GAA is expected to allow temporary replacement for head injuries

Players often reluctant to leave the field with suspected concussion as adrenalin kicks in

The GAA is expected this weekend to move into line with other field sports by allowing temporary replacement for head injuries. Motion 27 to Congress proposes that such situations come into the same category as blood injuries with a period of treatment or assessment during which a substitute may play.

Although anything to do with head injuries is automatically linked to concussion, the framers of the motion, the Standing Committee on Playing Rules, had been hopeful to avoid too close an association with the condition, as part of the purpose is to remove some of the anxiety caused.

Underpinning Saturday’s proposal is the problem, evidenced in experience and research, that players are reluctant to leave the field with suspected concussion because adrenaline kicks in and they want to play on.

It is considered more likely that they would accept the need to leave and have the injury looked at rather than go off with effectively a presumption of concussion.

Policy on that is currently, ‘if in doubt, sit them out’ but that doesn’t always translate into practice.

"The purpose of this is to put something in place to address what's happening in reality," according to Dick Clerkin, chair of the GAA's Medical, Science and Welfare Committee.

“It’s really to provide for players, medics – where available – and mentors a bit of space and opportunity to allow a correct assessment to be made of the health and condition of a player prior to returning to play. In the current situation we feel that there’s a lot of pressure involved in a very visible but narrow period of time on the field of play.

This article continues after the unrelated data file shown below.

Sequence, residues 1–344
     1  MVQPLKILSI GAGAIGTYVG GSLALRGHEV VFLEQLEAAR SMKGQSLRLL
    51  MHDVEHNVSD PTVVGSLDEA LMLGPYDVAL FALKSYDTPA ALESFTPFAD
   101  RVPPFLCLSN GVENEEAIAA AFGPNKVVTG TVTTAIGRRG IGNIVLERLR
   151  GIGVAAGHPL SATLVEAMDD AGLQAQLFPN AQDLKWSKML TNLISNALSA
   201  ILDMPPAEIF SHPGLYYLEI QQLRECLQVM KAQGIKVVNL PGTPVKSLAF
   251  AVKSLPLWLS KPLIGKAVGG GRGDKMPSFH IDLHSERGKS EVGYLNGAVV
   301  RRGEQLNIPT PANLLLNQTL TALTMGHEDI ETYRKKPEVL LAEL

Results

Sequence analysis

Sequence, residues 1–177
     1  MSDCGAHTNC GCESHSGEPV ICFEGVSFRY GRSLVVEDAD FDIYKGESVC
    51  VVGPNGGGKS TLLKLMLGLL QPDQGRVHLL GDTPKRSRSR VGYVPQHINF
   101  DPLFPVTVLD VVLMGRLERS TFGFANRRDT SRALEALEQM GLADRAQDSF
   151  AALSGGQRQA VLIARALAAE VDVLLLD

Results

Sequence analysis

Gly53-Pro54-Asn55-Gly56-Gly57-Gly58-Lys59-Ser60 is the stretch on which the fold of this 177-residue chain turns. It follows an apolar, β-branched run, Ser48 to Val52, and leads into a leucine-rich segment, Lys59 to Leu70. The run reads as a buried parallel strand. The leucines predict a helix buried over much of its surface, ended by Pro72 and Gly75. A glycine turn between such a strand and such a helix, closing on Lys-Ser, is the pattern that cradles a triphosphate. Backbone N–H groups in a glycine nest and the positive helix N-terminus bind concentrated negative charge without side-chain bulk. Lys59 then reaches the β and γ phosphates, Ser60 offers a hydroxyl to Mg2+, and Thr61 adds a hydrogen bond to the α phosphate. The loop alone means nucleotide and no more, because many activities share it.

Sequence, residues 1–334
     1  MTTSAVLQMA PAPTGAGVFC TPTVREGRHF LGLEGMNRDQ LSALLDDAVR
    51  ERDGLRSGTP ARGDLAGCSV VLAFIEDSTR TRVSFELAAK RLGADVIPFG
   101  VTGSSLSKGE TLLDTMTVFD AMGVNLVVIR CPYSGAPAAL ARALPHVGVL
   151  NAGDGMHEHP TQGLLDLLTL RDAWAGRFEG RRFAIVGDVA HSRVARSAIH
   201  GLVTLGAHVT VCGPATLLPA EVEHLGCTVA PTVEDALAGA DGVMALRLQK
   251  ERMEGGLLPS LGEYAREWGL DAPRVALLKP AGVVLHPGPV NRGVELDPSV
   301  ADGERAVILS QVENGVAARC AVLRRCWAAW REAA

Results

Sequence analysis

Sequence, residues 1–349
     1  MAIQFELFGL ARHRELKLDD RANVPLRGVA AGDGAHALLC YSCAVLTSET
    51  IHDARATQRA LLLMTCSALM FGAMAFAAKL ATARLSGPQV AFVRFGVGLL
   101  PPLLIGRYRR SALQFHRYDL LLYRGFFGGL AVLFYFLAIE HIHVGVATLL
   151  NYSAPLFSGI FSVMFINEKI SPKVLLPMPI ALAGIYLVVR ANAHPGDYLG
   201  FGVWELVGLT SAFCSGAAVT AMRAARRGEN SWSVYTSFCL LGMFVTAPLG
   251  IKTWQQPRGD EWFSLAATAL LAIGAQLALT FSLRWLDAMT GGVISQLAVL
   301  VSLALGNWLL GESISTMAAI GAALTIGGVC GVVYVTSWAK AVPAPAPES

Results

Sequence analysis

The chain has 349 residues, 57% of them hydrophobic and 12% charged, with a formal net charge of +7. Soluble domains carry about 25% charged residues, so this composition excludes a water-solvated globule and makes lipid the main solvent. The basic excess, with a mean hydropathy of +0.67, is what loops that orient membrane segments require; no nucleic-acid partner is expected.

“Experience is telling us both anecdotally from speaking with players and from qualitative and quantitative studies that there are cases when there are head injuries and players aren’t being removed for assessment.

“I think with this rule there’ll be no reason why a mentor won’t use the time available just as they would with a blood injury. We want it to be a natural response. When a player is cut he doesn’t resist going off because it’s automatic – you leave and get fixed up.

“Sometimes it takes a little while for the symptoms to surface and the effects to become apparent so a player after a couple of minutes sitting in the dugout can realise, ‘I’m not right’ whereas on the field of play they may try to run it off. I did it myself as a player.”


Clerkin’s term of office concludes at congress and over the past three years he believes that the issue of concussion has improved through discussion and heightened awareness.

“Everyone believes that it’s still a big problem. It’s not as big as it was but we’re talking about it more so we’re more aware. We hear about cases where players are doing the right thing by taking themselves out of games. It’s natural for people to think that it’s becoming more of a problem whereas we’re just dealing with it more openly.

"There's a greater understanding that health can be put at risk. After matches, players are more willing to get it checked and rehabbed rather than leaving it a little while and just going back. Things like the Ryan McHugh video [the Donegal player talking about his concussion] have really helped.

“Players have also developed a better understanding of the symptoms and the need to get themselves looked at and if necessary to take time out of the game. That’s happening at all levels. I think we’re in a much better place and people shouldn’t be afraid to talk about it. This rule is just another step in that direction.”

He knows that there is a challenge for the non-elite end of the sport where doctors aren’t in attendance and there’s no medical authority but feels that this measure can help to normalise greater acceptance of the need to leave the field automatically.

Soccer has recently moved to provide a similar facility, which left Gaelic games as the only team sports not doing so. Both rugby and soccer have specific concussion exposure from the collision-based nature of one and the use of the head in the other but if the GAA's incidence isn't as elevated, the association doesn't want to be an outlier either.

“We don’t benchmark ourselves against other sports because there are different risk profiles but if you are doing things completely differently to everyone else it’s either because you’re way ahead or foolish and I think in this case people would opt for the latter.”

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